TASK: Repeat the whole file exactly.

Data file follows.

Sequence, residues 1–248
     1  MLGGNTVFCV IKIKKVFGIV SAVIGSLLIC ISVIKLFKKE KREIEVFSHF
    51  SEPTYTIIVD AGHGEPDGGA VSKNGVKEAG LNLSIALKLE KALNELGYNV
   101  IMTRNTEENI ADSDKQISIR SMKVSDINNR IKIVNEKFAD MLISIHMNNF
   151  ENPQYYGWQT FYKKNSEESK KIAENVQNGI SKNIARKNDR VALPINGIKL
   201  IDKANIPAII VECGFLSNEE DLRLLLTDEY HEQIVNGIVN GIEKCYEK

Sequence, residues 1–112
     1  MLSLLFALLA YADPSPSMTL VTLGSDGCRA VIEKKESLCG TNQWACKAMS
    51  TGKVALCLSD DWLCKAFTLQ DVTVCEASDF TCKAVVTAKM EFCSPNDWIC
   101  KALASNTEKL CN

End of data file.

Sequence, residues 1–248
     1  MLGGNTVFCV IKIKKVFGIV SAVIGSLLIC ISVIKLFKKE KREIEVFSHF
    51  SEPTYTIIVD AGHGEPDGGA VSKNGVKEAG LNLSIALKLE KALNELGYNV
   101  IMTRNTEENI ADSDKQISIR SMKVSDINNR IKIVNEKFAD MLISIHMNNF
   151  ENPQYYGWQT FYKKNSEESK KIAENVQNGI SKNIARKNDR VALPINGIKL
   201  IDKANIPAII VECGFLSNEE DLRLLLTDEY HEQIVNGIVN GIEKCYEK

Sequence, residues 1–112
     1  MLSLLFALLA YADPSPSMTL VTLGSDGCRA VIEKKESLCG TNQWACKAMS
    51  TGKVALCLSD DWLCKAFTLQ DVTVCEASDF TCKAVVTAKM EFCSPNDWIC
   101  KALASNTEKL CN